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Over the last few days, thousands of people have taken to Boston’s streets seeking racial justice and police reform, sparked by the killing of George Floyd. In the backdrop of the coronavirus pandemic, the nation is grieving and living through two of the most difficult and heartbreaking events in history.
Across America, discussions about race abound — from public testimonies to reallocate police funds and daily demonstrations despite COVID-19 to difficult conversations with family, friends and co-workers.
We realize you may have questions that remain unanswered or discussions you’re unable to have with loved ones. WBUR journalists are reporting on these stories, gathering facts and talking to experts to help you — our community members — gain insight and hold meaningful conversations on race.
Here’s a list of some recent on-air segments, online posts and visuals that may help:
Here & Now:
- Lean into discomfort when talking about race. Host Tonya Mosely explains.
- Reported by several WBUR journalists and written by Ally Jarmanning, take a deep dive to understand how a day of peaceful protest turned to hours of unrest in Boston.
- Sometimes a picture is worth a thousand words. This WBUR photo essay will stay with you and help inform your point of view.
WBUR Town Hall:
- A conversation on the legacy of racism in America, challenges of peacefully protesting—especially during a pandemic—and police reform moderated by senior editor Kimberly Atkins. Watch or read the interview highlights with former Governor of Massachusetts Deval Patrick and other guests.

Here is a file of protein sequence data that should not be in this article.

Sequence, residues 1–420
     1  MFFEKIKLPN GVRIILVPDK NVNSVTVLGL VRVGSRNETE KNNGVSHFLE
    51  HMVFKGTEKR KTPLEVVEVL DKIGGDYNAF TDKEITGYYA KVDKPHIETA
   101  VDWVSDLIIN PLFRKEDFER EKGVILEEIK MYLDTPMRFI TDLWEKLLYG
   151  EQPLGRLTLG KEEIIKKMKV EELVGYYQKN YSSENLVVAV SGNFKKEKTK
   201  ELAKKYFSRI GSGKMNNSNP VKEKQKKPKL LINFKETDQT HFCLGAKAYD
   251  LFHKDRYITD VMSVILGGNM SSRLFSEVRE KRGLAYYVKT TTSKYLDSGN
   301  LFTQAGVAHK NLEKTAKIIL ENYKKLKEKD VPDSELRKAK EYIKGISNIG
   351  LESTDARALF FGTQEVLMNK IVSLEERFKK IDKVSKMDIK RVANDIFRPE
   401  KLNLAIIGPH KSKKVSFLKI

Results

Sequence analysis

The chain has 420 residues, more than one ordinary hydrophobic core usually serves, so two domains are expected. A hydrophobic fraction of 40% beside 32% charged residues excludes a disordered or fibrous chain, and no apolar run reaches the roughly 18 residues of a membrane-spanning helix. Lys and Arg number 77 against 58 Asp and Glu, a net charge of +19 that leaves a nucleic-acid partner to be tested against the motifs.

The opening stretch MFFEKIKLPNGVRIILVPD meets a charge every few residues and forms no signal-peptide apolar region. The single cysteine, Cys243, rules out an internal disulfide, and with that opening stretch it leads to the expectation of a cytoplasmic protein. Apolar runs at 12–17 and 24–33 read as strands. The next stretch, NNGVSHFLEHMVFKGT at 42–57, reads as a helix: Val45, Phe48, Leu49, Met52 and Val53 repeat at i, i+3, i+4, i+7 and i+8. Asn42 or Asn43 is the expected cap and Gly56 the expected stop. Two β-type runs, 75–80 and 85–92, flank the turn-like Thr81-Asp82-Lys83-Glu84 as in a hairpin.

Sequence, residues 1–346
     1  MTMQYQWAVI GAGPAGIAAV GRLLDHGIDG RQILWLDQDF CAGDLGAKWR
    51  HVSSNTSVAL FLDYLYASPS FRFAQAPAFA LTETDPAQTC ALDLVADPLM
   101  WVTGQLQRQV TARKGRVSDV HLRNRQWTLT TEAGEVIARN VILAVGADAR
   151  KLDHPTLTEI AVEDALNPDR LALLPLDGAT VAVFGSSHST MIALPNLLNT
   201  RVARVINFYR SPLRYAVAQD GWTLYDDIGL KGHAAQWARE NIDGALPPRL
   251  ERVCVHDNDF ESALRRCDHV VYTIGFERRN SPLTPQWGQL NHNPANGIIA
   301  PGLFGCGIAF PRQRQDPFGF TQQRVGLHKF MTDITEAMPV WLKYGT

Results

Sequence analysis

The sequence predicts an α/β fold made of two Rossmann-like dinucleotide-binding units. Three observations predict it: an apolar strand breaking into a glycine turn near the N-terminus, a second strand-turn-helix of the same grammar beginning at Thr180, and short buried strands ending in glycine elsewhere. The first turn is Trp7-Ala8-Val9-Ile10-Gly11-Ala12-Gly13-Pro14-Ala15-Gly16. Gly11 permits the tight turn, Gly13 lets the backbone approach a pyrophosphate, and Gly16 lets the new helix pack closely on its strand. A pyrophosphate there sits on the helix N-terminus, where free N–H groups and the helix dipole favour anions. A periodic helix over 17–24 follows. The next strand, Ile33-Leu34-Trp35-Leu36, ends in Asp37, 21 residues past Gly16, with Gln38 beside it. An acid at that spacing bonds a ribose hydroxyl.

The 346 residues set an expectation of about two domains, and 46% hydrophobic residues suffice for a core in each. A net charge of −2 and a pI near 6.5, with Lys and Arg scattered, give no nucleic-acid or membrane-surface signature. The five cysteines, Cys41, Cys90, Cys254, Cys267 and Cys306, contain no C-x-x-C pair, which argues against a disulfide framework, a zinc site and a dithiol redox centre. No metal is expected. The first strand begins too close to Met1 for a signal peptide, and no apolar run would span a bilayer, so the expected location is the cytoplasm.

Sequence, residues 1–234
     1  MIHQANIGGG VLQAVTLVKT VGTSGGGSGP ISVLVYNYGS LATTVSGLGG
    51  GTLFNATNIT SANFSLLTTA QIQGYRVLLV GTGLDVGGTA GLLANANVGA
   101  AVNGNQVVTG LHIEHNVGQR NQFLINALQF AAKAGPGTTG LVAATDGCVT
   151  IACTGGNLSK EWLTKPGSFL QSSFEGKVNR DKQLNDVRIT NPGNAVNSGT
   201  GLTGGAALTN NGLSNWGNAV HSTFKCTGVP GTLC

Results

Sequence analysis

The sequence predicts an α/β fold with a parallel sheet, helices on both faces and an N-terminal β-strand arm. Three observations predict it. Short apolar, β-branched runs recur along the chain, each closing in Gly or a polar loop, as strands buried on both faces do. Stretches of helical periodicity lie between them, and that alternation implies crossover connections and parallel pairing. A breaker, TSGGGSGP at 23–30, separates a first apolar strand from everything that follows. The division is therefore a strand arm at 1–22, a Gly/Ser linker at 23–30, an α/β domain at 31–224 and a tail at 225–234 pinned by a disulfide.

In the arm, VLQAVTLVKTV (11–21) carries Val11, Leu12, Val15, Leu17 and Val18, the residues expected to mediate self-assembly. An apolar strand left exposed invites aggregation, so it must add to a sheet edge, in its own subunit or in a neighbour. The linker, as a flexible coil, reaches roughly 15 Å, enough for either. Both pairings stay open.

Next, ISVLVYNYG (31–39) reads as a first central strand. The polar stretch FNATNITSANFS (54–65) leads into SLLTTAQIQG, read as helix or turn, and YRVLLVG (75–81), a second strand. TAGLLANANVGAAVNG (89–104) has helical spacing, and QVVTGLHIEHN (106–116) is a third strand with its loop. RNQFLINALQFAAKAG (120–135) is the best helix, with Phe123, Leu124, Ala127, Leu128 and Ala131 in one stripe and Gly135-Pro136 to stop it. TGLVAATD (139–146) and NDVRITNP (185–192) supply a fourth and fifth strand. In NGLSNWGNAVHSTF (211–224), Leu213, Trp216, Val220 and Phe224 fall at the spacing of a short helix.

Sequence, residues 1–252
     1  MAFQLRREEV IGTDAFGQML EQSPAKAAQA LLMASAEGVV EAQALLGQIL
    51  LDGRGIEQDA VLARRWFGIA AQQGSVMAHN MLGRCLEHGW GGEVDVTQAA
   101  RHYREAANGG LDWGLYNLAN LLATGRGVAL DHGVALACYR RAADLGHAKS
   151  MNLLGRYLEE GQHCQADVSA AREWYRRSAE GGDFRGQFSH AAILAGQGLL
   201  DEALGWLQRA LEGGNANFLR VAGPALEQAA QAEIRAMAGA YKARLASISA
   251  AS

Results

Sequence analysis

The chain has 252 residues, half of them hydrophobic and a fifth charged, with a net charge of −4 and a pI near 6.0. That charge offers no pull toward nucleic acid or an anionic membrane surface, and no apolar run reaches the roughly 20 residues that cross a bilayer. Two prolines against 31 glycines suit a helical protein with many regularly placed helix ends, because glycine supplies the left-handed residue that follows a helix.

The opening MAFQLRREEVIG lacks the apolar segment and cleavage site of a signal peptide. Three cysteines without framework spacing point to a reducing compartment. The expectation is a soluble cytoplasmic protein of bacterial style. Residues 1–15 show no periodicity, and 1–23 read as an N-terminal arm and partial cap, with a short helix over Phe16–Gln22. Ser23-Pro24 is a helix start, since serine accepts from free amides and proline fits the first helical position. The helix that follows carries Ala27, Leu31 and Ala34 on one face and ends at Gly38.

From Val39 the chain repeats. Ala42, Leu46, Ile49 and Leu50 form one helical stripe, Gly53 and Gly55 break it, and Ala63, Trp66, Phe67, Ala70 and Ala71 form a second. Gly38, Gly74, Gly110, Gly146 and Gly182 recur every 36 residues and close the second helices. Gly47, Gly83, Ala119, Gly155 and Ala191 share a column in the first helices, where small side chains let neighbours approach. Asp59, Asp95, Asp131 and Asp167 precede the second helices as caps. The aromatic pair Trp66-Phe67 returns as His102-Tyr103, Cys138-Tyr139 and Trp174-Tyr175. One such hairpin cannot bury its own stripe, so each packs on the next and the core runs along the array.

- Coronavirus has stripped bare the racial divide in the health of our nation. People of color are dying at disproportionate and devastating rates due to underlying health conditions. Watch or read Kimberly Atkins’ conversation with U.S. Representative Ayanna Pressley and other guests.
- Where to start complicated conversations, who should be having them and when? Radio Boston producer Paris Alston joins host Tiziana Dearing and guests.
- How should parents talk with their children about all they're seeing and experiencing right now? Host Meghna Chakrabarti got some good advice. Listen to the show.
- When we narrow the conversation in Boston to what the police department hasn't done, we overlook and ignore the police violence that has happened here. Reporter Arielle Gray shares a personal essay.
- “Turning away from the pain of this moment is a privilege. Instead, turn your discomfort into action,” says Janna Malamud Smith in her commentary.
Find all of WBUR's coverage of the anti-police brutality protests in America in the wake of the killing of George Floyd here.
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